In the age of Trump, a sign that jurors can still set politics aside

Many people probably wondered whether the jurors in the Manafort trial would be able to set aside any question of how a verdict might affect Special Prosectuor Robert Mueller’s investigation. There was relatively little discussion of this, but all it would take was one strident Trump supporter on the jury to derail the jury’s deliberations, if that individual saw it as his/her duty to defend the President and his associates. Trump’s tweets during the trial in defense of Manafort may have been designed to activate this sense of duty.


Then, from NBC News comes a story suggesting that this jury managed to look past politics. One of the jurors was Paula Duncan, a believer in Trump’s plans to “Make America Great Again.” She came to the trial skeptical of Mueller’s investigation, but–the NBC News reporter concluded–

…she also had no doubt that Paul Manafort, once Trump’s campaign chairman, was guilty. She would have convicted him on all counts, she said, but she and 10 other jurors were stymied by a lone holdout. And no, she doesn’t believe that person, a woman, was a Trump supporter.

“I wanted Paul Manafort to be innocent,” Duncan said, “but he wasn’t.”

What makes this all the more remarkable is that even after this trial, Duncan believes that the Mueller investigation into potential collusion with Russia is a witch hunt designed to take down a good president. This, she knows, from her own experience.

“I as a voter, when I went out to check my boxes I didn’t see any Russian holding a gun to my head, so how could Russia have affected the campaign results,” said Duncan, who first spoke to Fox News.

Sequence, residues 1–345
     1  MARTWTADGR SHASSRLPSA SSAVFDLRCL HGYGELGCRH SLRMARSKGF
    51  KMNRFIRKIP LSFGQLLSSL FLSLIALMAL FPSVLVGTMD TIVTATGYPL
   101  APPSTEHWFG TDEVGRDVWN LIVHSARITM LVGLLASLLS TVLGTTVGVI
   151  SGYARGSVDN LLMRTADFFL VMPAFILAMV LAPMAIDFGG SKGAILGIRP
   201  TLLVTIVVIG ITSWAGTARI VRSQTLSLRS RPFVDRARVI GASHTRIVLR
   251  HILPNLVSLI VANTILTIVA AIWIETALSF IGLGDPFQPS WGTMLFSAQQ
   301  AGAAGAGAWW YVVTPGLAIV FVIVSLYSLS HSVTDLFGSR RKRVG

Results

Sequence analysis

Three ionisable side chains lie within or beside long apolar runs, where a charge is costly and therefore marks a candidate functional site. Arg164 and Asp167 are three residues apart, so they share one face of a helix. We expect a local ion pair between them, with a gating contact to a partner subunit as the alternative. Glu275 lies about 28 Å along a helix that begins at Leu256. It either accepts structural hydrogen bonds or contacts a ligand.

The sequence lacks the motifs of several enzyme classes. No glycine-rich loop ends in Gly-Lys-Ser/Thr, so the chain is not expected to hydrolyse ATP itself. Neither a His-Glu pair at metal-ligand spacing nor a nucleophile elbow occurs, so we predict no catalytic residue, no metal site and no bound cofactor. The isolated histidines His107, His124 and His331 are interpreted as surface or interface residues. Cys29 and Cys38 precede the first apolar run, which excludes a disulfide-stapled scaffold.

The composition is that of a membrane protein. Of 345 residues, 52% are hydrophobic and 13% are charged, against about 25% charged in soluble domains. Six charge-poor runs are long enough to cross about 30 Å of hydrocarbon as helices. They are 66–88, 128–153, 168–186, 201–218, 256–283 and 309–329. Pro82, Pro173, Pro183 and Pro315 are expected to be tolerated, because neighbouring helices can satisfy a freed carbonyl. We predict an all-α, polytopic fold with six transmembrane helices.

Even so, she couldn’t deny the case against Manafort. The evidence of his tax evasion and other crimes was overwhelming. “In the end I did what we needed to be done,” she said. “I did the right thing.”

Like many jurors before her, she got on the trial by being coy about her political views. “I didn’t believe politics had any place in that courtroom,” Duncan said, “so I was somewhat vague in my answers. I knew I could be fair and impartial.”

That would appear to be an accurate self-assessment. And it’s one more example of how a deliberative institution, such as the jury, can place limits on our personal political biases when it comes to serving the interests of one’s community or nation.


About John Gastil

John Gastil is a Distinguished Professor in the Department of Communication Arts and Sciences and Senior Scholar at the McCourtney Institute for Democracy at The Pennsylvania State University. He specializes in political deliberation and group decision making, and he has published both nonfiction and fiction.
This entry was posted in Deliberation on juries, Public/media views of juries, Social/political impact of juries, Verdicts juries reach, Voir dire and jury selection. Bookmark the permalink.

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